And now, a message from the "Seriously, don't do this" department. Four Taiwanese engineers working for various Intel OEMs were arrested this week by China's Criminal Investigation Bureau for selling so-called "Engineering Samples" (ES) chips on Ebay and pocketing the proceeds. The police recovered 178 CPUs with an estimated worth of $82,590; the group has admitted to selling over 500 chips since 2009.
ES chips are often popular among overclockers for their rumored ability to hit higher clock speeds. Ironically, this is decidedly hit-and-miss. Intel regularly ships ES processors out to reviewers, and while it's true that some of these chips turn out to overclock well, some of them don't. Since Intel applies the "ES" label to any chip not meant for the mainstream market, it means consumers might be buying anything from a core-unlocked overclocking titan to a very early revision of a processor family that was only meant for platform validation.
Intel historically takes an extremely dim view of people selling these parts online, due to the problems it creates when consumers who believe they've bought a chip protected by a warranty find they've been taken for a ride. Programs like CPUID will identify a chip as an ES sample, but there's no other way to tell -- at boot, a chip will present normally. ES parts are less valuable now that Intel now sells factory-unlocked chips, but may remain attractive to some because of Intel's feature segmentation. At present, the only way to buy an unlocked chip that also offers support for Intel's Trusted Execution Technology or Virtualization Technology for Directed I/O (VT-d) would be to try to find an ES chip that offered both options.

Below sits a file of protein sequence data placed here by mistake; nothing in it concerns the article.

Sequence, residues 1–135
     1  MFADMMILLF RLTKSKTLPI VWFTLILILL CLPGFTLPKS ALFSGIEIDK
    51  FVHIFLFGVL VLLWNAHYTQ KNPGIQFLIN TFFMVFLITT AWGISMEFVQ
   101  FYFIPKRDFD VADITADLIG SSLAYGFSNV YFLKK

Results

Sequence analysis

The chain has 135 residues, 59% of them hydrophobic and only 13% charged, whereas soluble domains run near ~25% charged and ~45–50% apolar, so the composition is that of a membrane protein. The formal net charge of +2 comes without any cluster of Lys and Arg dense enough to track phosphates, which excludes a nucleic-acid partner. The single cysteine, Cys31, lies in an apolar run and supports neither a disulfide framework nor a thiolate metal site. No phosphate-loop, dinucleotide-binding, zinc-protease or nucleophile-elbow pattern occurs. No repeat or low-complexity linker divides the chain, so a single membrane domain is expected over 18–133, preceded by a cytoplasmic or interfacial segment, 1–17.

The four engineers could face five years in prison for their activities.